A 1926 Edwin G. Hart real estate brochure on La Habra Heights stated, "The Second Beverly Hills has started already it is dotted with numerous suburban homes of the very finest type.'' Demo Harshbarger, originally from Chicago, stated that she came to the Heights after reading a National Geographic article citing the three most beautiful living spots in the world as La Habra Heights and locations in Italy and Africa.

It is small wonder that La Habra Heights grew in stature as a fine residential community. By 1939 about 2000 of the original 3500 acres owned by the Hart people had been divided into groves and spacious home parcels owned by about 1800 residents from all parts of the United States. In December 1939, Edwin G. Hart the guiding force in this remarkable community was struck by an automobile and killed. 
Walter Beck by Avacado Tree

La Habra Heights Improvement Association

Early in 1939, Edwin G. Hart, Art Sucksdorf, Glen Annabel, Alex Morrison, and H. B. Griswold met at the Dinner Bell Restaurant an Whittier Boulevard for the purpose of reorganizing the La Habra Heights Improvement Association. An earlier organization in 1932 had became inactive. After the Dinner Bell meeting Griswold called a general meeting at the Hacienda Golf Club which set up the object and the Construction of the present association. The object; as stated at the start, remains unchanged, "To encourage and promote the development of the Heights as a rural residential area.'' It has worked constantly for agricultural betterment, improved roads and roadside planting of bougainvillea, oleander, and other colorful shrubs. It has distributed thousands of trees to maintain the green belt character of the area. It played an active role in developing an oil well drilling program, that fitted in with fine residential development. It worked with the Regional Planning Commission in securing RA-1 zoning in 1949 and has successfully supported this highly beneficial ordinance in succeeding years.

Volunteer Fire Department

Prior to 1942 the closest fire station was at San Dimas. The method of fighting fires was far Cecil Knowlton to get a crew with water buckets and wet sacks to beat back the fire until San Dimas equipment arrived. In 1939 a disastrous fire started above Reposado and Hacienda and swept eastward almost to Fullerton Road

In the spring of 1942, Clement F. Levins became the "Father" of the fire department, by suggesting to his friends, Ernest Sherwood, Howard Cooper and Art Sucksdarf, that fire protection was the number one need in the Heights. This small group of men purchased a "nurse" rig from Mr. Cooper and set out to collect funds from their neighbors to pay for it. The fire truck was kept at the ranch of Cecil Knowlton on Fast Road.

On October 8, 1942, the department was incorporated. Acting directors were 0. D. Belanger, Art Sucksdorf, Fire Chief, Sam Eastman, Young Wilhite, Larry Marsh and Mr. Levins. With Mr. Wilhite as master of ceremonies, the group held a fund raising campaign in 1945 and raised over $3,000 from their neighbors. As a result of this a Seagrave fire truck was purchased. As the department grew, the board authorized the installation of many fire hydrants. In 1946 they purchased a new International Army fire truck that carried 400 gallons of Water. Today, with a fulltime Chief and Fire Marshall and a staff of paid volunteers, this community is provided with extra-ordinary fire protection at a cost much lower than those communities under the County's protection.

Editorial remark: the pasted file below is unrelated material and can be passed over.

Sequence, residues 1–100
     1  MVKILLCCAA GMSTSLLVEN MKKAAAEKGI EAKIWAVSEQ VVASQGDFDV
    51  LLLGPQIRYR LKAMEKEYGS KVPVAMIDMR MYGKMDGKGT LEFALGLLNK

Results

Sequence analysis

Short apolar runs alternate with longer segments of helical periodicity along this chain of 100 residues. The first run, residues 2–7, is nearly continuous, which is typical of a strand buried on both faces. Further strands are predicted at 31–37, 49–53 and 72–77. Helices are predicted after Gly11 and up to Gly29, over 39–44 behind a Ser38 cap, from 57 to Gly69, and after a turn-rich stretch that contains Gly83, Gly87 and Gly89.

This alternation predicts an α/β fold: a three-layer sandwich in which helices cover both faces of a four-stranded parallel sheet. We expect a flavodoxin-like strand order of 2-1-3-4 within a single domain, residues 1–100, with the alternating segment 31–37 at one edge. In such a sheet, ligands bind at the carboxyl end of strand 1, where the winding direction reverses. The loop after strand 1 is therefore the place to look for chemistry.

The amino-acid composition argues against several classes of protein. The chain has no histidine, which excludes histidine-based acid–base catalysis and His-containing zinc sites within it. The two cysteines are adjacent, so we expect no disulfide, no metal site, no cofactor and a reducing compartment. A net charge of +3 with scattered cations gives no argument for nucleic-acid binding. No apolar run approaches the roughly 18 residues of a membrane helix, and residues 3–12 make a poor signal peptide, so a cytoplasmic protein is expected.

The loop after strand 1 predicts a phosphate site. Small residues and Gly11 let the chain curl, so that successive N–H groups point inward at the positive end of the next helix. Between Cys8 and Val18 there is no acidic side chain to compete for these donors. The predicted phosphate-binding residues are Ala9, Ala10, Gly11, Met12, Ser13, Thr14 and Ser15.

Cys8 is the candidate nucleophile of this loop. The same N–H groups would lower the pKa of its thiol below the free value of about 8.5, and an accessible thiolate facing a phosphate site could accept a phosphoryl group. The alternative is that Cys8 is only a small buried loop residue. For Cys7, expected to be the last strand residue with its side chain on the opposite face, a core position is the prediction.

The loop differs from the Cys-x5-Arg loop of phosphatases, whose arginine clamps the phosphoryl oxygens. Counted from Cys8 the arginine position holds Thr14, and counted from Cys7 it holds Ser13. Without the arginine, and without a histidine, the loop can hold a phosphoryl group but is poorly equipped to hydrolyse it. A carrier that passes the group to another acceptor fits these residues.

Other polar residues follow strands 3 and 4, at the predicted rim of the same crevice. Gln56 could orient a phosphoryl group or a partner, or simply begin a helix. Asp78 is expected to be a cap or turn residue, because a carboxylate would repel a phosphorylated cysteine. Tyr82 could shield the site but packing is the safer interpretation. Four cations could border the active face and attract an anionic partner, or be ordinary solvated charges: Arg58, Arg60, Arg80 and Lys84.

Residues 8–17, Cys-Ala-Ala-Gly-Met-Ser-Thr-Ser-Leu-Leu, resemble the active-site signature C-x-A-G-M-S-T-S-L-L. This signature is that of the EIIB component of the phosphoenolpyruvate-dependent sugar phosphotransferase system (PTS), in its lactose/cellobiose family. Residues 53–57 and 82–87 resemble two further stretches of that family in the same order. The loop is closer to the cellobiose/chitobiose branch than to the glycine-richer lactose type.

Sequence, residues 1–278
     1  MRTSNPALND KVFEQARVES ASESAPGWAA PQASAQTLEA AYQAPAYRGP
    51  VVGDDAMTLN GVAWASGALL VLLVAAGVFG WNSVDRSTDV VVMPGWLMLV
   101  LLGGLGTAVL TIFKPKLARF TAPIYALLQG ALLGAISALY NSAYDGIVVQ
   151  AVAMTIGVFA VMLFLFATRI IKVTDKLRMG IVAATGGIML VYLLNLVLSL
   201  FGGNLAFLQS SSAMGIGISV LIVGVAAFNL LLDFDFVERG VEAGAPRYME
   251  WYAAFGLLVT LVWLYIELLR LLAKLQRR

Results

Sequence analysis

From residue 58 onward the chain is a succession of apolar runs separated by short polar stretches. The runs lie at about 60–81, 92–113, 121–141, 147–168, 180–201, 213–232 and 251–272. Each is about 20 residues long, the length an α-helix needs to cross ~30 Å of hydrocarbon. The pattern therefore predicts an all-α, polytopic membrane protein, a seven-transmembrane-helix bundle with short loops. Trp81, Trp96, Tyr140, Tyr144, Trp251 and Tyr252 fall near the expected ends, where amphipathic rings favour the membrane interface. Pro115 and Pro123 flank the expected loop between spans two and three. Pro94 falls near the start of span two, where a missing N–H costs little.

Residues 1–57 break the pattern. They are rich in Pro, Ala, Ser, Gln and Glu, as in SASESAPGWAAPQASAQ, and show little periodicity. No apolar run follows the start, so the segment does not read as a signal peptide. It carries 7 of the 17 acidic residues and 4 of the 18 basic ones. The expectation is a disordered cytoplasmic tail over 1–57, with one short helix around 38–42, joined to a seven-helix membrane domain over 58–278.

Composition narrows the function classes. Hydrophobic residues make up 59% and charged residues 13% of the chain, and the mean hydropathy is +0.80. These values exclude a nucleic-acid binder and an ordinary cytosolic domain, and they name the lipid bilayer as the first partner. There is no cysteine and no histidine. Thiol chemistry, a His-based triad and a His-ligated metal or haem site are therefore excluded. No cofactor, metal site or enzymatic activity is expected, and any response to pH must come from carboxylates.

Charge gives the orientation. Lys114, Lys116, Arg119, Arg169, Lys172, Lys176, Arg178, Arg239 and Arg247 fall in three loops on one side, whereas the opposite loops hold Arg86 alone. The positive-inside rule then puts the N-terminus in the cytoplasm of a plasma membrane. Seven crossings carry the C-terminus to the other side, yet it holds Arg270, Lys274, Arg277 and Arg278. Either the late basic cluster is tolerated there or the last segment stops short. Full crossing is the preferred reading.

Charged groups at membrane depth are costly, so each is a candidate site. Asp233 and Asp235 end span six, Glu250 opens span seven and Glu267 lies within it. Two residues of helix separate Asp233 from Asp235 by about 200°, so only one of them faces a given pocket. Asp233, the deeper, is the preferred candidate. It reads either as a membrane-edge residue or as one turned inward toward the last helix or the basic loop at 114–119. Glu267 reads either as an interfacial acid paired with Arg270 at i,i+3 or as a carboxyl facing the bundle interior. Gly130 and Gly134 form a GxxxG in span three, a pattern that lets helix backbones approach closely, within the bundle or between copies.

RA-1 Zoning

Conversion to RA-1 Zoning in 1949 is another outstanding example of community cooperation and purpose. During the 40s, there were some signs of deterioration in the Heights. One tract of bottom land, near Encanada, was subdivided into four lots per acre. Another parcel on Avocado Crest, was being cut into approximately 1/2 acre lots. To combat this trend the Heights' Association, under President Wilbur Jadden, sought the cooperation of the County Regional Planning Commission, in working out zoning revisions that would insure the orderly and proper course of development in the future.

The association survey showed 81.8% of the residents favoring a minimum land area of one acre and the commission's study showed that nearly 80% of the parcels were approximately that size. The dual efforts of the Association and the Planning Commission resulted in amending the official zoning plan of La Habra Heights by ordinance No.5279 (3/1/49) with RA-I zoning (Residential Agriculture 1 acre required]. The ordinance also limited the types of commercial agriculture and prohibited roadside stands and signs of any description whatsoever.

This zoning ordinance is unique far La Habra Heights. The 1 acre minimum land requirement recognizes the limited building area on the steep hillsides, and the limited capacity of the scenic winding roads. Moreover, the people who chose this area far home sites appreciate the rural atmosphere and seclusion afforded by spacious living parcels.

Horses in the Heights

From the earliest days of the city, horses and horsemanship has been an important facet of rural life in the Heights. Many property-owners are members of the Highland Riders. Highland Riders have three horse shows a year geared to the junior horsemen. One of the goals of the Highland Riders is to interconnect and improve the various trails in the Heights.

The Heights Today

The gradual change in the image of La Habra Heights as an avocado producing area to one of residential estate character, has continued without interruption. Without a doubt, this rural and secluded community has become one of the most beautiful and desirable home site areas in Los Angeles County. Its natural beauty at the start provided an ideal setting for this, but great credit must go to those remarkably individualistic people who chose this area for their homes and developed and nurtured this community until it is unsurpassed in charm and beauty and home-like atmosphere.